Pulaski Road (Chicago)

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Pulaski Road
4000 West
Casimir Pulaski Memorial Road
Crawford Avenue
Former name(s) 40th Avenue
Length 78.8 mi
South end US 30.svg Lincoln Highway (21100 S) in Matteson
North end Wilmette Avenue in Wilmette

Pulaski Road (/pəˈlæsk/) is a major north-south street in the city of Chicago, at 4000 W., or exactly five miles west of State Street. It is named after American Revolutionary War hero Casimir Pulaski.

Pulaski Road was originally known as 40th Avenue. In 1913 it was renamed for Peter Crawford, an early area landowner, in order to avoid duplication of the 40th Avenue name in the city. The name Crawford Avenue lasted until 1935 when, over local opposition and a legal battle all the way to the Illinois Supreme Court, the street was renamed for Pulaski.[1] Among the many Polish city leaders who worked to achieve "Pulaski Road" was Emilia Napieralska, the president of the Chicago chapter of the Polish Women's Alliance of America.

Pulaski Road still retains its former Crawford Avenue name in the north suburbs of Lincolnwood, Skokie, and Evanston. In Wilmette, Crawford becomes Hunter Road. North of Devon Avenue (6400 N) and south from the Chicago City Limits to Lincoln Highway US-30.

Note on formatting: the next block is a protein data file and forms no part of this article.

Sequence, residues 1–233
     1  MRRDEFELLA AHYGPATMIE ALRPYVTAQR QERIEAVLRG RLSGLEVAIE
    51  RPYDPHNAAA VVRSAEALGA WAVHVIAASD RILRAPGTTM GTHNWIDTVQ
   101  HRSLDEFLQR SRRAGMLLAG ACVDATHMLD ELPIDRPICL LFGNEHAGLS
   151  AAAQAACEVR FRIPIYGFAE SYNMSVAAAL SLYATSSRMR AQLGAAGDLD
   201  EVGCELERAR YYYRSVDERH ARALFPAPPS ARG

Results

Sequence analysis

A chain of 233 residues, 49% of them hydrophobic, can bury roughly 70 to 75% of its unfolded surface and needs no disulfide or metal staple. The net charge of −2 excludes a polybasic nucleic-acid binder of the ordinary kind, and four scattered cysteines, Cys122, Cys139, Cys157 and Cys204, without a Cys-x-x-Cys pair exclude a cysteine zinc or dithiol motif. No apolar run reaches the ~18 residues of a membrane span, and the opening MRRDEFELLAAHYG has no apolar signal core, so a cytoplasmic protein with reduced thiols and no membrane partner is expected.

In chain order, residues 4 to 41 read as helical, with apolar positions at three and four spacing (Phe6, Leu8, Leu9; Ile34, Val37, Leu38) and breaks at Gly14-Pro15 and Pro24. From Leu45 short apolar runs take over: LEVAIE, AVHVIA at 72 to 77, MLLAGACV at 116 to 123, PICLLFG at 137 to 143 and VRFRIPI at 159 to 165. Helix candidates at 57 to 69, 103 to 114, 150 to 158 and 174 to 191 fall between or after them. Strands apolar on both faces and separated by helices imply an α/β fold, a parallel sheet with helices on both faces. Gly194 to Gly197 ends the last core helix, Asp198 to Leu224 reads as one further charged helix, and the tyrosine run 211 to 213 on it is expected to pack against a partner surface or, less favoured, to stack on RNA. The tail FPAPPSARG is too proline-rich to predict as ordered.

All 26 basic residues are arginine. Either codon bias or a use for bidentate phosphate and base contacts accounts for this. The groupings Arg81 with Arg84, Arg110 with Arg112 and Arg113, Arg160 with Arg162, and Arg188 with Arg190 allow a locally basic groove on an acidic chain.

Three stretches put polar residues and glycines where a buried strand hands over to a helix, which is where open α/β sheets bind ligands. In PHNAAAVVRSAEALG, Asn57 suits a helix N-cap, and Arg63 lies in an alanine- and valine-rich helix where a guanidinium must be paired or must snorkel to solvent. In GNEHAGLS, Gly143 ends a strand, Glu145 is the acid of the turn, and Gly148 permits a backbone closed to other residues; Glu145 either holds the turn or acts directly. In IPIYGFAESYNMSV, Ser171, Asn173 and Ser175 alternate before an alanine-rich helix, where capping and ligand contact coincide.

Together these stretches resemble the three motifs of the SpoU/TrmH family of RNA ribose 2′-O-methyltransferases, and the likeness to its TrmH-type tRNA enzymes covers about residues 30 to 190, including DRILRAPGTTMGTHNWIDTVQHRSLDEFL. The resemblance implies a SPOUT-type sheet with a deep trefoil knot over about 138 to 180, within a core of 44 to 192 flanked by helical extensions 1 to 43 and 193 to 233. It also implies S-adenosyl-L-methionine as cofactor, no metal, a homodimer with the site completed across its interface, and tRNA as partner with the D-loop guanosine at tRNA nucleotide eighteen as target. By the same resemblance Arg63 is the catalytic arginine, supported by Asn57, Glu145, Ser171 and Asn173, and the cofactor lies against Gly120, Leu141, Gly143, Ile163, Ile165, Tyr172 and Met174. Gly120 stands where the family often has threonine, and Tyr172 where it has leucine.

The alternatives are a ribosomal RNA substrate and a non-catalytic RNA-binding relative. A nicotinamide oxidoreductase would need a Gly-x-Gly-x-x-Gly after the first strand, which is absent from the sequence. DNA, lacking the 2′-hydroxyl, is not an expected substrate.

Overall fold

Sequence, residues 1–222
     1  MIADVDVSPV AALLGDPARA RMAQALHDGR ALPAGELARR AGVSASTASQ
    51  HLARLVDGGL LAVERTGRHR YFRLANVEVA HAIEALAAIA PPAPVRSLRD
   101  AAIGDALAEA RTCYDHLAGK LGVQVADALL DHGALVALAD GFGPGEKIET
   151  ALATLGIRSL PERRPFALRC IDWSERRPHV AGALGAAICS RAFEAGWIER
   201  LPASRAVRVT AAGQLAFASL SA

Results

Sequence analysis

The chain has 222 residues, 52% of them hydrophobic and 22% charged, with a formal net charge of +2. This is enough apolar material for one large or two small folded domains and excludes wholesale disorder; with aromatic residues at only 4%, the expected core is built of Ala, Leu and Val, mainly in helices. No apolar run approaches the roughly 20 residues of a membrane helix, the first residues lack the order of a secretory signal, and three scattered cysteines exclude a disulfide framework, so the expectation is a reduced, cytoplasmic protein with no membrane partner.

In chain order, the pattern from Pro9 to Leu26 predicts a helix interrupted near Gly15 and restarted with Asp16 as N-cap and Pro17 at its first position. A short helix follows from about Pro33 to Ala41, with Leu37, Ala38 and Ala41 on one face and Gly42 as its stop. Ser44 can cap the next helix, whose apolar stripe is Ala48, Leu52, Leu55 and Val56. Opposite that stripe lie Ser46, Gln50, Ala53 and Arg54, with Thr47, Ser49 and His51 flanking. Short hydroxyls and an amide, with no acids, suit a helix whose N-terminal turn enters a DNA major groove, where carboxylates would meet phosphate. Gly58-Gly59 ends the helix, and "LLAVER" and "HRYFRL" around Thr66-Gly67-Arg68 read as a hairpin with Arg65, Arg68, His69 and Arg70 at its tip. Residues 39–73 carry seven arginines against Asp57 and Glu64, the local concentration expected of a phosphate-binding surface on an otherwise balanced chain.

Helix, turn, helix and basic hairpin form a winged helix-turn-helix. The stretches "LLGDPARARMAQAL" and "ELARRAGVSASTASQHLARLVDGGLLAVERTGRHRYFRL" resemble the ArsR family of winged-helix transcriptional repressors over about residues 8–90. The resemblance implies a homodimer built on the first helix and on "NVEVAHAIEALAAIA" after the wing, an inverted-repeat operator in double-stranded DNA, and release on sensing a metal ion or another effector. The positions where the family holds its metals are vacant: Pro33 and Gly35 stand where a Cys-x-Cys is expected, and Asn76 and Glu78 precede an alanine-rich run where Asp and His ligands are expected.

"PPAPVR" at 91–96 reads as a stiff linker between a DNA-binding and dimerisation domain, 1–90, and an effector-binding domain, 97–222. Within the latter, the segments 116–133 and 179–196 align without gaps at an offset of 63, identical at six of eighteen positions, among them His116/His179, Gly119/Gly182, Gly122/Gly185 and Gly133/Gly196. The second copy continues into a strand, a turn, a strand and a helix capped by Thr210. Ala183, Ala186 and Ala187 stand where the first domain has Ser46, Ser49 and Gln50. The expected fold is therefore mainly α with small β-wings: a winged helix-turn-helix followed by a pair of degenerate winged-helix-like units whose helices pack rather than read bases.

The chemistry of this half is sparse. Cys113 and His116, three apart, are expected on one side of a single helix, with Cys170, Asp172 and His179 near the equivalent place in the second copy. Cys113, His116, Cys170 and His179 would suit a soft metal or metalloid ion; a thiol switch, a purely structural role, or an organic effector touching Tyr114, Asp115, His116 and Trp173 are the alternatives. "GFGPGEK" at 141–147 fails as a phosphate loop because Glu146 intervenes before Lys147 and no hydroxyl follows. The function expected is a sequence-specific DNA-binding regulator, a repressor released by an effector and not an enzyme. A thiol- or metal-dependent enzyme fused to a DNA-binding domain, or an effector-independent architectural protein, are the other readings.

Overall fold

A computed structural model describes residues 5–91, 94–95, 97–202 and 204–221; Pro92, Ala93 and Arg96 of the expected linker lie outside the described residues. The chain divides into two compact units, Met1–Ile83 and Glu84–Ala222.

Chicago neighborhoods and suburbs[edit]

From north to south:

Points of interest[edit]

Additionally, a number of prominent Polish churches in Chicago are located on side streets just off of Pulaski Road such as St. Hyacinth Basilica as well as St. Wenceslaus.


  1. ^ Amanda Seligman (2005). "Fight for 40th Street". The Electronic Encyclopedia of Chicago. Chicago Historical Society. Retrieved 15 July 2011. 
  2. ^ http://www.getty.edu/conservation/publications/pdf_publications/weber.pdf
  3. ^ Grossman, Ron (2005-08-29). "Chicago's Seven Lost Wonders". chicagotribune.com. Retrieved 2012-06-05. 
  4. ^ "Legler Library - Chicago Public Library". Chipublib.org. 2007-05-14. Retrieved 2012-06-05. 

5. Karol Wachtl. Polonia Amerykanska:dzieje i dorobek [American Polonia: Its History and Legacy]. Philadelphia: privately published, 1944, pp. 172, 396.

6. Angela and Donald Pienkos. " 'In the Strength of Women Is the Strength of a Nation:' A History of the Polish Women's Alliance of America" (2003). Boulder: East European Monographs No. 632 Distr. New York: Columbia UP, p. 85.